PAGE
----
America’s NI Director warns India about Communal Violence Before LS polls

America's NI Director warns India about Communal Violence Before LS polls

America's NI Director warns India about Communal Violence Before LS polls

Washington: There is a strong possibility of communal violence in India if the Bharatiya Janata Party stresses on Hindu nationalist themes ahead of the Lok Sabha election in May, America’s National Intelligence Director told US lawmakers on Tuesday.

The comment on India’s upcoming general election is part of the US intelligence community’s assessment of worldwide threats in the year 2019 and was presented in the form of a written document to the powerful Senate Select Committee on Intelligence by Dan Coats, Director of National Intelligence

“Parliamentary elections in India increase the possibility of communal violence if Indian Prime Minister Narendra Modi’s Bharatiya Janata Party (BJP) stresses Hindu nationalist themes,” Coats told members of the US Senate Select Committee on Intelligence.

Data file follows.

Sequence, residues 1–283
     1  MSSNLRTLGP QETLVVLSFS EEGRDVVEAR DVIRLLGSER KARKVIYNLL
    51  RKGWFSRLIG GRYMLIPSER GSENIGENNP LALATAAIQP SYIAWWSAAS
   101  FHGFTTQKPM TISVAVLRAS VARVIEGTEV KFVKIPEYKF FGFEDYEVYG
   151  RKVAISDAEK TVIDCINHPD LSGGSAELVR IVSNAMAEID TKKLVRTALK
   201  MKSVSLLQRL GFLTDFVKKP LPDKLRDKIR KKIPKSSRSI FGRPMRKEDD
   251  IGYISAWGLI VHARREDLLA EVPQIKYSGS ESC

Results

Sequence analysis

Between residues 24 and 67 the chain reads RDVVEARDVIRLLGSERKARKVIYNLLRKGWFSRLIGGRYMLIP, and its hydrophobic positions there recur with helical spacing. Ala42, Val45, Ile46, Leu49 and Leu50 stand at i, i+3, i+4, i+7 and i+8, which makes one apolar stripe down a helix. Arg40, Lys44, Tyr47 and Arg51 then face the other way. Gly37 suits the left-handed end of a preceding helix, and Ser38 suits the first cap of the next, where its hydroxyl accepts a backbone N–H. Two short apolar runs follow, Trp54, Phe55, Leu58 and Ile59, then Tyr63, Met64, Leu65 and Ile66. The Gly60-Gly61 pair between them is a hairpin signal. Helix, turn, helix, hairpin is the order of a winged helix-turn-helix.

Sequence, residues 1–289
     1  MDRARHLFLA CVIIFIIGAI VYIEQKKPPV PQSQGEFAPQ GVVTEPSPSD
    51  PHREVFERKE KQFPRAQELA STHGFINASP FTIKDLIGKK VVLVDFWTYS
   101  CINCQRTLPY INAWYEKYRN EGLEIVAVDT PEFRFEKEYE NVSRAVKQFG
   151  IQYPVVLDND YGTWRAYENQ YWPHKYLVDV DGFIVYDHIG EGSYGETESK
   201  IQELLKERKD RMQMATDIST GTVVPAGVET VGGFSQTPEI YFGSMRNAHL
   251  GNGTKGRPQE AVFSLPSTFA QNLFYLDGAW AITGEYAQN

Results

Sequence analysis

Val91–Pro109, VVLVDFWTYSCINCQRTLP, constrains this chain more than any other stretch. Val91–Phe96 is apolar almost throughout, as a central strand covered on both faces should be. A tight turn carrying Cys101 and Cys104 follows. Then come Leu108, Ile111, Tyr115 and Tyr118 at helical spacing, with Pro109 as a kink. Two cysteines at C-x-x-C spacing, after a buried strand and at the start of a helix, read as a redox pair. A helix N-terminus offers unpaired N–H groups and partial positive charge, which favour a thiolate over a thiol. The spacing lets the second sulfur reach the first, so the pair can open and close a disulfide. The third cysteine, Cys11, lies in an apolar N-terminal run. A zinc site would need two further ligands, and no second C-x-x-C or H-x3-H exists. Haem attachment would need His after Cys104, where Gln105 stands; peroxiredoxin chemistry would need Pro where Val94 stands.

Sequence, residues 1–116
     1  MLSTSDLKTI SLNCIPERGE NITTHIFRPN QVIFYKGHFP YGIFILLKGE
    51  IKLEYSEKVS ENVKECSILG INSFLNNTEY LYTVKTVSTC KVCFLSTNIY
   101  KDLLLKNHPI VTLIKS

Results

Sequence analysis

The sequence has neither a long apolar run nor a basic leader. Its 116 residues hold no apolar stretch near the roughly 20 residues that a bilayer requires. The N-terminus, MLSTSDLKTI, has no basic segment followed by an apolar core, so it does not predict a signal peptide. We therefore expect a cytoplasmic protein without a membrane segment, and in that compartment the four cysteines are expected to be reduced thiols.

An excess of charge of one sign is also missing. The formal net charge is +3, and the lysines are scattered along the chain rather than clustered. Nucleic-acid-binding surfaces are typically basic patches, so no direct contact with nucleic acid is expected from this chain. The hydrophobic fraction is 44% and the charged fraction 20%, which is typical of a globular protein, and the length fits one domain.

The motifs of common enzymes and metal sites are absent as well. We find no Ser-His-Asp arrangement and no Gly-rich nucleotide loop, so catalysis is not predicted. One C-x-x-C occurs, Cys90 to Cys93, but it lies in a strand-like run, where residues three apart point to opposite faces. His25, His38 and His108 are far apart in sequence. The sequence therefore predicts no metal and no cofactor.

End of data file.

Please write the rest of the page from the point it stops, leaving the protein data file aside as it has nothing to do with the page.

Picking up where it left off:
Coats and heads of other top American intelligence agencies appeared before the Senate Select Committee on Intelligence to present their worldwide threat assessment. Prominent among them included CIA Director Gina Haspel, who has just returned from a trip to India, FBI Director Christopher Wray and Defense Intelligence Agency Director Robert Ashley.

“BJP policies during Modi’s first term have deepened communal tensions in some BJP-governed states, and Hindu nationalist state leaders might view a Hindu-nationalist campaign as a signal to incite low-level violence to animate their supporters,” Coats said in his written statement.

“Increasing communal clashes could alienate Indian Muslims and allow Islamist terrorist groups in India to expand their influence,” Coats warned ahead of the general election.
Coats in his written statement also warns of a strained India-Pakistan relationship at least till May when the Modi government will complete its term.

Despite limited confidence-building measures — such as both countries recommitting in May 2018 to the 2003 ceasefire along the disputed Kashmir border — continued terrorist attacks and cross-border firing in Kashmir have hardened each country’s position and reduced their political will to seek rapprochement, he said.

“Political manipulation resulting from the Indian national elections probably will further restrict near-term opportunities for improving relations,” said Coats.